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What happens if some countries do not vaccinate?

Some countries, such as Tanzania and Madagascar, have issued statements indicating that they do not intend to vaccinate their populations against COVID-19. Moina Spooner, editor-in-chief of The Conversation Africa, asked pathology expert Dr Ahmed Kalebi to explain what this means for the global effort to contain the pandemic.

What are the risks if not everyone is vaccinated against COVID-19?

In countries where no significant proportion of the population is vaccinated, there is a huge risk of continued community spread of COVID-19 over an extended period of time.

The longer the period of sustained community spread, the more likely it is for the virus to mutate. And that means it could be fertile ground for the new coronavirus – SARS-CoV-2 – to mutate into more aggressive variants. Mutated variants from the unvaccinated population may be able to infect even those from the vaccinated population.

Vaccines may not work against mutated variants because of changes that occur in the genetic code of the virus. A vaccine is intended to create an immune response through antibodies designed to recognize the protein structure of the virus that has been altered. Think of it as an enemy altering their military uniform, becoming less recognizable to the opposing army.

They can also escape immunity induced by a previous infection for similar reasons – immunity was designed for the structure of that original virus. The modified virus would not be easily recognized by antibodies from the previous infection. Therefore, the mutated strains could infect those already vaccinated, causing reinfection.

This means that everyone would continue to be vulnerable. Even those who live in areas where the population has already been vaccinated would not be fully protected against the virus if the virus were to mutate elsewhere. Given the interdependence of countries and regions of the world, no population lives in total isolation. No particular population is safe unless all populations are.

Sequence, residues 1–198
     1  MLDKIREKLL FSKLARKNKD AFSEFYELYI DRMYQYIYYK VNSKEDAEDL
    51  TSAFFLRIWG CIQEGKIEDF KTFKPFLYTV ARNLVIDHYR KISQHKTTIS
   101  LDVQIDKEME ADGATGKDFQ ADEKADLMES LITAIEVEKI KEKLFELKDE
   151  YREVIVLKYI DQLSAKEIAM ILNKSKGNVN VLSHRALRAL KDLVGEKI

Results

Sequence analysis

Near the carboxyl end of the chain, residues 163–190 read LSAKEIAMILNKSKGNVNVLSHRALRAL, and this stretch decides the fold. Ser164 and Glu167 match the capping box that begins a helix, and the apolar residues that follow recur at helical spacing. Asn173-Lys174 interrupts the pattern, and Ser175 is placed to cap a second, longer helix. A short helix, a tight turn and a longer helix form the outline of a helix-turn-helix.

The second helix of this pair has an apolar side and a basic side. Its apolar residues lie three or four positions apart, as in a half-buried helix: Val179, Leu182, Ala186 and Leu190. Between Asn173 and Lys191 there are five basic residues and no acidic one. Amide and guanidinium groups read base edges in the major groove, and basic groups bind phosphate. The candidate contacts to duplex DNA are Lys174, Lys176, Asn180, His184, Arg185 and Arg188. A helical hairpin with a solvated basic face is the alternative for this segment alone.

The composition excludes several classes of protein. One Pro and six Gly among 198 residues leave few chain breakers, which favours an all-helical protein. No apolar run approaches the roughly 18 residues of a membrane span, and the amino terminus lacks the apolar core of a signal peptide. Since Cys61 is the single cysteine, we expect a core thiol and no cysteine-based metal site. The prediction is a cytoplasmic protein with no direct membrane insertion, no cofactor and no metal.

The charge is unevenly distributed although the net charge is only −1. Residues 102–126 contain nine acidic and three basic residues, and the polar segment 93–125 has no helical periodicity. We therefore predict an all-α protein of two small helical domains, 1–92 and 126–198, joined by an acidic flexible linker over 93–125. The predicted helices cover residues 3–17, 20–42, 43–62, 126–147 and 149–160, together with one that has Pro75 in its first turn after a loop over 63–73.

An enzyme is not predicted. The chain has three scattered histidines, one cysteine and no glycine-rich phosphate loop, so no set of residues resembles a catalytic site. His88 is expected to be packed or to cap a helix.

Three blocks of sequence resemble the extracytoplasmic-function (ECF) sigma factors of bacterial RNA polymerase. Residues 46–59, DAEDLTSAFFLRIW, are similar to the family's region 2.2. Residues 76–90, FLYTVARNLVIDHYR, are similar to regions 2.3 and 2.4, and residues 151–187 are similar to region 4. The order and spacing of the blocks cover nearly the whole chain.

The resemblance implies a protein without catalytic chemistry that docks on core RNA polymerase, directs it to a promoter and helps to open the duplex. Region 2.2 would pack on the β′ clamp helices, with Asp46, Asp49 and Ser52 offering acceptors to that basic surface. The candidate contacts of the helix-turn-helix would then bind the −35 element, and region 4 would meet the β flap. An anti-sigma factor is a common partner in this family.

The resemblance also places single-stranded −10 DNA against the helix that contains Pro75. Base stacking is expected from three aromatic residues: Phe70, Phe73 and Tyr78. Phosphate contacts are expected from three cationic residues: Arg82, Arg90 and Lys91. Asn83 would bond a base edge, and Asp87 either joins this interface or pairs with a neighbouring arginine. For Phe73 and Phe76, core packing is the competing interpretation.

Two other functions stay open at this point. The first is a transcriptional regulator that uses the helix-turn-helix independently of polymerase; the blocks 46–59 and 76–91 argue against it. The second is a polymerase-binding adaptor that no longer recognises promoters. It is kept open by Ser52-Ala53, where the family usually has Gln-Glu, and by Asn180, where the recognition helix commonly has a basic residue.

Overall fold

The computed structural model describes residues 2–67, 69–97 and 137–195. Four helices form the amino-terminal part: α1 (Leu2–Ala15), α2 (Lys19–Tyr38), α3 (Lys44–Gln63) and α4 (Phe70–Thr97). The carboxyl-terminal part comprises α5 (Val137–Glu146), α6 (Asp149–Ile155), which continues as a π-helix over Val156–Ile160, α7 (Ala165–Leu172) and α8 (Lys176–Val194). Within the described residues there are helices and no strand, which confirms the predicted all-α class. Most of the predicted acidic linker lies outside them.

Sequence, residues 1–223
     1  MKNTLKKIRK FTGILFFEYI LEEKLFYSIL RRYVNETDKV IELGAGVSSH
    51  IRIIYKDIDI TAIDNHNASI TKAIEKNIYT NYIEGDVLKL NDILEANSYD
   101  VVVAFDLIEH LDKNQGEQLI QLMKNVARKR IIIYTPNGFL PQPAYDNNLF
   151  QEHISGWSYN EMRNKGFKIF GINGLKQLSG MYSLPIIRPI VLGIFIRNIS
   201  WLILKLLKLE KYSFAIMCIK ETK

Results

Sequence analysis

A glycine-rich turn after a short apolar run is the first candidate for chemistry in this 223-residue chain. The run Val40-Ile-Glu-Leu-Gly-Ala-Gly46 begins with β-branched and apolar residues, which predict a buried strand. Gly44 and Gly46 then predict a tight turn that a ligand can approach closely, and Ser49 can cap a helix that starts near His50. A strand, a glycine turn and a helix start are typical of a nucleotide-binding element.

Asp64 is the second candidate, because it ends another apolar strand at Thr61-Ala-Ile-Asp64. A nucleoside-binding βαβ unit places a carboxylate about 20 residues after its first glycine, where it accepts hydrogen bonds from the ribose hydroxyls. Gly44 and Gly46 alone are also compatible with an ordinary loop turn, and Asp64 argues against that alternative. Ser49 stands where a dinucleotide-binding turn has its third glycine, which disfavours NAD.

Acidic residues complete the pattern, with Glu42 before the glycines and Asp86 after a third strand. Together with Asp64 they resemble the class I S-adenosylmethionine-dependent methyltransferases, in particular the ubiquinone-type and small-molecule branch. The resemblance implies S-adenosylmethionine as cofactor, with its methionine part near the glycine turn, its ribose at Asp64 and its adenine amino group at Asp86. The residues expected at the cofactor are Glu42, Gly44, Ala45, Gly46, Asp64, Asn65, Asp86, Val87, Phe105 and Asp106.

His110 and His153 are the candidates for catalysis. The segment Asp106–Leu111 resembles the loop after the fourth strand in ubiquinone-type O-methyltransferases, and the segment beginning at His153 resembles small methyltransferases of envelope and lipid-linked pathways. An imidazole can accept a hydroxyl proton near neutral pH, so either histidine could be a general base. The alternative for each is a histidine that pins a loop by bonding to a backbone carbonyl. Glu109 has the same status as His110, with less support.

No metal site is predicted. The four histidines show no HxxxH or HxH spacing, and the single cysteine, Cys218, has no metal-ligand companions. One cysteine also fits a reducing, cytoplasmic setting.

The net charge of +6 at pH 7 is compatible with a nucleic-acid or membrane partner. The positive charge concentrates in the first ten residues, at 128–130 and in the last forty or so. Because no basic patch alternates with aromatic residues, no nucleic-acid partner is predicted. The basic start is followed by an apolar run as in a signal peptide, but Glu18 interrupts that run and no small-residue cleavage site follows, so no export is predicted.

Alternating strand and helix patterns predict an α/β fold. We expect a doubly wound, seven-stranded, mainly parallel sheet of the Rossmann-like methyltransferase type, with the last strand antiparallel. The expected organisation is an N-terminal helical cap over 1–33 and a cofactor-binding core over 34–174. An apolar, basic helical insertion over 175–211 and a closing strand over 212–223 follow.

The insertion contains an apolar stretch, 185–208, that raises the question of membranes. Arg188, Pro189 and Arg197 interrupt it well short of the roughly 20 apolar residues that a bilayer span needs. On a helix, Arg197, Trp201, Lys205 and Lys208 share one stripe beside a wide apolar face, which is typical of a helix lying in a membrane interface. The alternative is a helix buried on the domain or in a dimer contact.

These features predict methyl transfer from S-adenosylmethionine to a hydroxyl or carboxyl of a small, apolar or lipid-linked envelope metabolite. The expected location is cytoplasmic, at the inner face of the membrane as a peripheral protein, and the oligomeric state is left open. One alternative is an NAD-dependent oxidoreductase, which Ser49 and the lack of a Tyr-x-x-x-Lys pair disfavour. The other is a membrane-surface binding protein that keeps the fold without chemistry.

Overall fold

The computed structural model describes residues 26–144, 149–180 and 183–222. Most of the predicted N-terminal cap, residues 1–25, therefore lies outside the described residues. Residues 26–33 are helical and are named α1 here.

This coronavirus is easily transmitted from person to person through the air. Any new mutated, and possibly deadlier, variant of the SARS-CoV-2 virus could be more contagious and easily spread around the world. Just like the original virus.

The whole world will only be safe after ensuring that all populations are properly immunized. It seems unlikely that the pandemic can be fully contained with existing prevention measures or that it will end soon. This happens when infections slow down because a significant proportion of the population has developed ‘herd immunity’, either as a result of a previous infection or vaccination, or when the movement of people fueling the epidemic is completely stopped. The virus cannot then be transmitted quickly – from one person or segment of the population to another – much like the way a bush or forest fire goes out when most plants are already charred, or if there is no more wind to propel. fire and therefore cannot continue to spread.

How can governments mitigate these risks?

It will not be realistic for countries that have vaccinated their populations to close their borders to countries that have not. Unless vaccinated countries completely close their borders to the rest of the world, there will always be interaction between their citizens and citizens of unvaccinated countries.